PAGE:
By Joe Hoagland on Mar 10, 2017
I am talking about purposely removing yourself from the busyness to focus on prayer for your congregation, reflection on your spiritual life and those around you, and meditation on the huge weight that is the pastoral ministry.
Pastors are around people a lot it is the nature of the work. Whether you are connecting with people in your church or connecting with people in your community or meeting with staff this is a big part of the job.
My plea to you today, though, is not to forsake true solitude in your spiritual life. No, I am not talking about locking yourself in your office to crank out emails, no I am not talking about turning Netflix on your iPad. No, I am talking about purposely removing yourself from the busyness to focus on prayer for your congregation, reflection on your spiritual life and those around you, and meditation on the huge weight that is the pastoral ministry. Therefore, here are 5 principles to help you pursue true solitude:
It’s All About God
Solitude is not a selfish thing. Many of us have been programmed to believe that. But, a solid time of solitude every day is not only spiritually healthy for you and your family, but also your staff and congregation. Make your time of solitude about you and God not you and you, or you and a person or task that will not leave your mind.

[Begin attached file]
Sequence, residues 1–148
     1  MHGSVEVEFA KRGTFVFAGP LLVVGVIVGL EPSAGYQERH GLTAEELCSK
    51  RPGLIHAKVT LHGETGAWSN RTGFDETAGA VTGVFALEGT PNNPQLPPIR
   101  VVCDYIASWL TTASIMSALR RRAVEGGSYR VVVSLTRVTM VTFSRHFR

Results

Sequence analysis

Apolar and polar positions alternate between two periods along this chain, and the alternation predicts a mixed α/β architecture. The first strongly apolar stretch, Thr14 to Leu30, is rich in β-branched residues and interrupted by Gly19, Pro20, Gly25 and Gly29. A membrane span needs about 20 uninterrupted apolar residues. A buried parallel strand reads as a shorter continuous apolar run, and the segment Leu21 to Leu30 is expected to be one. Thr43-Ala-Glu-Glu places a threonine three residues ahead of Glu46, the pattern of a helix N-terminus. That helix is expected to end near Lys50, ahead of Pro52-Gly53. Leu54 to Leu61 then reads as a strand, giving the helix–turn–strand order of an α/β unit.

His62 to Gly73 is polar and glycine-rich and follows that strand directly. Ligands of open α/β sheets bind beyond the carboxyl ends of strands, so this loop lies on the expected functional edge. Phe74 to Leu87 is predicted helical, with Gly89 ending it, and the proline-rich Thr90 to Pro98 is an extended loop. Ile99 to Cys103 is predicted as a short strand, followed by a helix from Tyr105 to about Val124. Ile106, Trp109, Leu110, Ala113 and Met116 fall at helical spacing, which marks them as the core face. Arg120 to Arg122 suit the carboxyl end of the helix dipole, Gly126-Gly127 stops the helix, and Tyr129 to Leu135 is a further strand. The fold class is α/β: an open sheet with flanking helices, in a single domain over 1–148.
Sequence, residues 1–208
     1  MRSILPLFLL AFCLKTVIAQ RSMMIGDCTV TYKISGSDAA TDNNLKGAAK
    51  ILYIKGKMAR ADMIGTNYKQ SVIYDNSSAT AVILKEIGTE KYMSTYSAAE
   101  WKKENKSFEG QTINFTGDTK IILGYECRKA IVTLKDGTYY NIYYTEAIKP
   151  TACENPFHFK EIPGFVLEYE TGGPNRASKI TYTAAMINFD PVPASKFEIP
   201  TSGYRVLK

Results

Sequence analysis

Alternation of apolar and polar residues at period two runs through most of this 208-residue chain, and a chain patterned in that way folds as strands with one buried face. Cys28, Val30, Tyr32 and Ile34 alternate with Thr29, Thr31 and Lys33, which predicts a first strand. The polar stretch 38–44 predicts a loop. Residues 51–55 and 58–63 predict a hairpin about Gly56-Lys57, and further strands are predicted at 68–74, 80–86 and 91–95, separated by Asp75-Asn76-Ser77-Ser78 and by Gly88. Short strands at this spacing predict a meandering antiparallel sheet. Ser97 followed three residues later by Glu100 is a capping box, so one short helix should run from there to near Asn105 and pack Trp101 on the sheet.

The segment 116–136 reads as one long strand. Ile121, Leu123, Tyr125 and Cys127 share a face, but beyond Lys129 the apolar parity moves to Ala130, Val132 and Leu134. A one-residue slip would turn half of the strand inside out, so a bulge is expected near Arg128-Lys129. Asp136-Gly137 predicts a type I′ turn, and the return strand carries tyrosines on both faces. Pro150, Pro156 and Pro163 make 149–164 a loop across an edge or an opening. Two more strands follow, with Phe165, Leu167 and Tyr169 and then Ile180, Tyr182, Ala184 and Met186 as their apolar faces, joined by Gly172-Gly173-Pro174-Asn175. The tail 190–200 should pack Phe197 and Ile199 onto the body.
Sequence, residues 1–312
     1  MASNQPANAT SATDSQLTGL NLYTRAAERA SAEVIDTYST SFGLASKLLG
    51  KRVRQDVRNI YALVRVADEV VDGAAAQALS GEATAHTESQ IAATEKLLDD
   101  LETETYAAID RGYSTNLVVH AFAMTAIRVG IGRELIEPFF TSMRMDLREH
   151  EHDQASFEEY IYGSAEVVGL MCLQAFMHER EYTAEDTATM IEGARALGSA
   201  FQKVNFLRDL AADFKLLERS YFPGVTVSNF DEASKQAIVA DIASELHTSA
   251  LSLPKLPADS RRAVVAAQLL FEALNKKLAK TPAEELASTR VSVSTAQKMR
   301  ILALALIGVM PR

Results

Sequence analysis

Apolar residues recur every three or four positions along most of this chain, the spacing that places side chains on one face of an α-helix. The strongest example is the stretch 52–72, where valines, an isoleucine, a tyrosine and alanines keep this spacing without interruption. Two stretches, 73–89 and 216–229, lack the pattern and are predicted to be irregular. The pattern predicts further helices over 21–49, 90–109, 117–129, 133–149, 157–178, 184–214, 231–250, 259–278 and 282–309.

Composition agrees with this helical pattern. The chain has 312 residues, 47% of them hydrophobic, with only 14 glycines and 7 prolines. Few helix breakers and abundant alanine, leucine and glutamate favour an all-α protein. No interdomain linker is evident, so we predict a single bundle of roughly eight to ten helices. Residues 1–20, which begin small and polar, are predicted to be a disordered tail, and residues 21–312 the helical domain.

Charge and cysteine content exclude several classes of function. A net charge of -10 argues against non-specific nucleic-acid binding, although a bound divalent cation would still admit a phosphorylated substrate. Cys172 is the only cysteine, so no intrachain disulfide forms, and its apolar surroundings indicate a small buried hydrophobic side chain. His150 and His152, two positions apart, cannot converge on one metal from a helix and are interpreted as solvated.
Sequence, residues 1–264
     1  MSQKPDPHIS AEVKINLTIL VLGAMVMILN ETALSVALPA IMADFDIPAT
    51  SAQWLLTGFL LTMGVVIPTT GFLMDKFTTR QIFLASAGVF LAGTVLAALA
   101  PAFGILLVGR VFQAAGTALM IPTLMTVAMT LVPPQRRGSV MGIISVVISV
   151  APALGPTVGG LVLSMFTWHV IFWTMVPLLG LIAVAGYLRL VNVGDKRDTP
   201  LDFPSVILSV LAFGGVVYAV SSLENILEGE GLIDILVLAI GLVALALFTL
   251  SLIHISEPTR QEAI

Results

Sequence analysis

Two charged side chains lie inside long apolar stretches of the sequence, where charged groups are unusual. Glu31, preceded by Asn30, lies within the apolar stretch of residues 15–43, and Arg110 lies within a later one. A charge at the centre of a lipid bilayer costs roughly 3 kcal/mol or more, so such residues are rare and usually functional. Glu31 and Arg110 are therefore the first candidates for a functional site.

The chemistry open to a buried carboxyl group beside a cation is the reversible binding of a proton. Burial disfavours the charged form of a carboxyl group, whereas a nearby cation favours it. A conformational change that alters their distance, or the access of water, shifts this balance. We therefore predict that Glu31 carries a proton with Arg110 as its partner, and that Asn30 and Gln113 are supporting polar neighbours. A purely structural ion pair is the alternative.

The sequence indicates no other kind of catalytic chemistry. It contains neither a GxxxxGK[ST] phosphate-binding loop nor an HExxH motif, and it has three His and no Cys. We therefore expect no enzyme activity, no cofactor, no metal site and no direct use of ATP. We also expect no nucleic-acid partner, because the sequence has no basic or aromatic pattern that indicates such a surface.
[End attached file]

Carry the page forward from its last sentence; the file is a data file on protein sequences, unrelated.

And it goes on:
If you are going to pursue solitude you are going to have to be intentional about it. You are going to have to schedule a block of time to do it and make it a priority not something that you cast off because you are a couple emails or phone calls behind.
Take Solitude Seriously
Beyond being intentional about it you must also take it seriously. Again, this is not a time to go hide in your office. You must take the block of time for solitude as seriously as a staff meeting, sermon prep time, or any other tasks you have planned.
Turn Off Everything
When you are practicing solitude you cannot have devices dinging and phones ringing. Go to a place without your office phone, smart phone, computer, tablet and so on. In today’s technology driven productivity we can get lost in all our devices. You have to be intentional and serious about turning off or removing your devices.
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Practice Makes Perfect
If you have not seriously practiced solitude in some time or never have it is going to be a hard thing to undertake. but do not be discouraged keep working at it and you will find your solitude to be a great time for prayer and meditation with God and a refresher for your spiritual life.
Do You Successfully Practice Solitude Or Want To?
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